We Don’t Do Kingdom Like That: Red Letter Year 12/19

John 18.28-40

28 Jesus’ trial before Caiaphas ended in the early hours of the morning. Then he was taken to the headquarters of the Roman governor. His accusers didn’t go inside because it would defile them, and they wouldn’t be allowed to celebrate the Passover. 29 So Pilate, the governor, went out to them and asked, “What is your charge against this man?”

30 “We wouldn’t have handed him over to you if he weren’t a criminal!” they retorted.

31 “Then take him away and judge him by your own law,” Pilate told them.

“Only the Romans are permitted to execute someone,” the Jewish leaders replied. 32 (This fulfilled Jesus’ prediction about the way he would die.)

33 Then Pilate went back into his headquarters and called for Jesus to be brought to him. “Are you the king of the Jews?” he asked him.

34 Jesus replied, “Is this your own question, or did others tell you about me?”

35 “Am I a Jew?” Pilate retorted. “Your own people and their leading priests brought you to me for trial. Why? What have you done?”

36 Jesus answered, “My Kingdom is not an earthly kingdom. If it were, my followers would fight to keep me from being handed over to the Jewish leaders. But my Kingdom is not of this world.”

37 Pilate said, “So you are a king?”

Jesus responded, “You say I am a king. Actually, I was born and came into the world to testify to the truth. All who love the truth recognize that what I say is true.”

38 “What is truth?” Pilate asked. Then he went out again to the people and told them, “He is not guilty of any crime. 39 But you have a custom of asking me to release one prisoner each year at Passover. Would you like me to release this ‘King of the Jews’?”

40 But they shouted back, “No! Not this man. We want Barabbas!” (Barabbas was a revolutionary.)


I only want to make one point today. What Jesus says here about his kingdom not being of this world, not being an earthly kingdom, we tend to think of that meaning that Jesus’ kingdom was a spiritual kingdom not a material kingdom. This feeds into the already/not yet thinking so popular in some circles (including the Vineyard, which I am part of). But is that what Jesus meant here? Is he drawing a distinction between here and now worldly kingdoms and his own, somewhere else and not now (or not fully now) kingdom? Read it again closely, does the text say that or do we read that into the text?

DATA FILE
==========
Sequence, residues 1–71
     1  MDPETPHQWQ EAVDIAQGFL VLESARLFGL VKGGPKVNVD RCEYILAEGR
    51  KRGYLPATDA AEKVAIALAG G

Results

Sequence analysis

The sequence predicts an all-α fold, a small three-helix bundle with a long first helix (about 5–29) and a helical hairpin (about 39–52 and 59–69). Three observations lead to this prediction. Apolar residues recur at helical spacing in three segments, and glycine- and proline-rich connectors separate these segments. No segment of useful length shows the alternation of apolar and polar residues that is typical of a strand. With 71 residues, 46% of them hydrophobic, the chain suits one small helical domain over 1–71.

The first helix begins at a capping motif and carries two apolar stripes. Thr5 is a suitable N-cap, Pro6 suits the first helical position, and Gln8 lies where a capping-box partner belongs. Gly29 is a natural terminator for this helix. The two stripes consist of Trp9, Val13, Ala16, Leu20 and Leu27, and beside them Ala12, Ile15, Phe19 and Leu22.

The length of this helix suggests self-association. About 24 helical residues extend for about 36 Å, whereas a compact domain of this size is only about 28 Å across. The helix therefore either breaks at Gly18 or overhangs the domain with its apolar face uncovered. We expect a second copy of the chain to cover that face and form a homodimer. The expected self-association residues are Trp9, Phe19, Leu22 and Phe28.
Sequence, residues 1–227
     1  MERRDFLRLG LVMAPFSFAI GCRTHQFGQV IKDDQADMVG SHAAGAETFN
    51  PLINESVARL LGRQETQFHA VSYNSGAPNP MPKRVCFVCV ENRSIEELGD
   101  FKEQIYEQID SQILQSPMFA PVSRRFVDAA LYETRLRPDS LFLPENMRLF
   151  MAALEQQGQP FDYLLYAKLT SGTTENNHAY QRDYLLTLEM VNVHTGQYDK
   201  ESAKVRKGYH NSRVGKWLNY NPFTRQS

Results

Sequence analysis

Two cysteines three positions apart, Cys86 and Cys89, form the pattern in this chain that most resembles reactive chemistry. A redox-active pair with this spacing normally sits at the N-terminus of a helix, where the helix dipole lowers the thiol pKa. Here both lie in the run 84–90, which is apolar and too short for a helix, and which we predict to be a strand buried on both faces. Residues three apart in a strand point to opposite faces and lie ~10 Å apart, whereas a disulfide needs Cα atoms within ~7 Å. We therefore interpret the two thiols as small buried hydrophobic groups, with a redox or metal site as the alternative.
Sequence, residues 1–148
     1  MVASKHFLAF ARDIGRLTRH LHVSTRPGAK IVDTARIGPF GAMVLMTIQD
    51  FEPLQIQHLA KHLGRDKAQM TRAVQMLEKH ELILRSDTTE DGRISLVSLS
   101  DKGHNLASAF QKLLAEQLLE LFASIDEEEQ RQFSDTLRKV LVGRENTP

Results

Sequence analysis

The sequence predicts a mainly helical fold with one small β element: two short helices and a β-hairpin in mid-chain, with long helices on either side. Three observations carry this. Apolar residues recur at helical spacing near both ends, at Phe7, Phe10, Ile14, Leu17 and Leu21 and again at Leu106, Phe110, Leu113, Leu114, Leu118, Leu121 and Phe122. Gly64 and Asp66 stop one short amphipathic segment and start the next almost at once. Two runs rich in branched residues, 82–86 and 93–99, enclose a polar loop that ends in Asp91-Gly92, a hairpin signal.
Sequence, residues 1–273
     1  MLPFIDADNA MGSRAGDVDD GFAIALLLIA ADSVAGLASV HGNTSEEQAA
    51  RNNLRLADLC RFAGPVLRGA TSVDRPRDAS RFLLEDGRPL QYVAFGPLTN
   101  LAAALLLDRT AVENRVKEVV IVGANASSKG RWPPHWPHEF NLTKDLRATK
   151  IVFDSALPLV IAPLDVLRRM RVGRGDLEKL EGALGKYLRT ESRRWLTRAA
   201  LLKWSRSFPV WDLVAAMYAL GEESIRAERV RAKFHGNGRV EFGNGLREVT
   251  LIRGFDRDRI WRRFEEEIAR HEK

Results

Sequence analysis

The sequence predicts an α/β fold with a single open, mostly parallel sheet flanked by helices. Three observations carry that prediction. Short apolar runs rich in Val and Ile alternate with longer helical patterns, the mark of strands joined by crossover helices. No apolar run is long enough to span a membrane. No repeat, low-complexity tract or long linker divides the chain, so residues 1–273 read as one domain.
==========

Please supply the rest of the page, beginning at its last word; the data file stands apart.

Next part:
I think the most obvious thing Jesus is saying here (and remember, we use the obvious parts to help with the less obvious parts) is that his followers are not going to engage in violent opposition to Pilate’s Roman soldiers. We already saw Jesus speak to protect his followers during the garden arrest, at least part of what he is doing here is trying to protect them from Pilate. More than that, remember what I shared last week about the Spirit-Paraclete coming to convince the world that its ways of expressing authority have been condemned (click here to read that)? What Jesus says in v. 36 here echoes that. Jesus is not saying his kingdom is not here and now. He has been declaring the kingdom to already be here throughout his ministry. Here, let me give my own paraphrase:

In v. 36, Jesus basically says, “my kingdom doesn’t do things the way your kingdom does them, Pilate. If it did, my people would fight to set me free, but that’s not how we do things.” In v. 37, Pilate thinks he has Jesus pinned, “You said kingdom, so that means you do claim to be a king?” To which Jesus responds, “You use the words ‘king’ and ‘kingdom’ because you can only think in those limited categories, but I came to tell the truth – that your way of ruling people has been condemned. The people who understand this will gravitate to me and that’s how my alternate kingdom will grow, not through conquest, but through shared love of the truth.”

Please understand, I am not suggesting an entire takedown of the already/not yet idea. That idea does have some good, textual basis. But this is not part of that and by reading it in (which I think a lot of people do, even ones not associated with already/not yet teaching), we miss what Jesus is actually saying to Pilate. Jesus is speaking prophetically to a representative of Rome, explaining the basic defect in their system. And I do think we sometimes make too much of already/not yet, using it as a shortcut instead of doing the work to answer hard theological questions. (Looks like another topic I will need to explore next year.)

In short, Jesus tells Pilate, “I don’t do kingdom like that,” which is a message many present day church leaders need to hear as well. We are more prone to fight than to love, more prone to argue against than stand with, more prone to all those expressions of worldly power that have already been condemned. Jesus gives us a very different way of leading and influencing, but it involves washing feet (literally and figuratively), so we would rather not. When we lead more like Annas, Caiaphas, or Pilate than like Jesus, we undermine the work we are trying to do for the kingdom. Because we don’t do kingdom like that.

New Living Translation (NLT) Holy Bible. New Living Translation copyright© 1996, 2004, 2007 by Tyndale House Foundation. Used by permission of Tyndale HousePublishers Inc., Carol Stream, Illinois 60188. All rights reserved.

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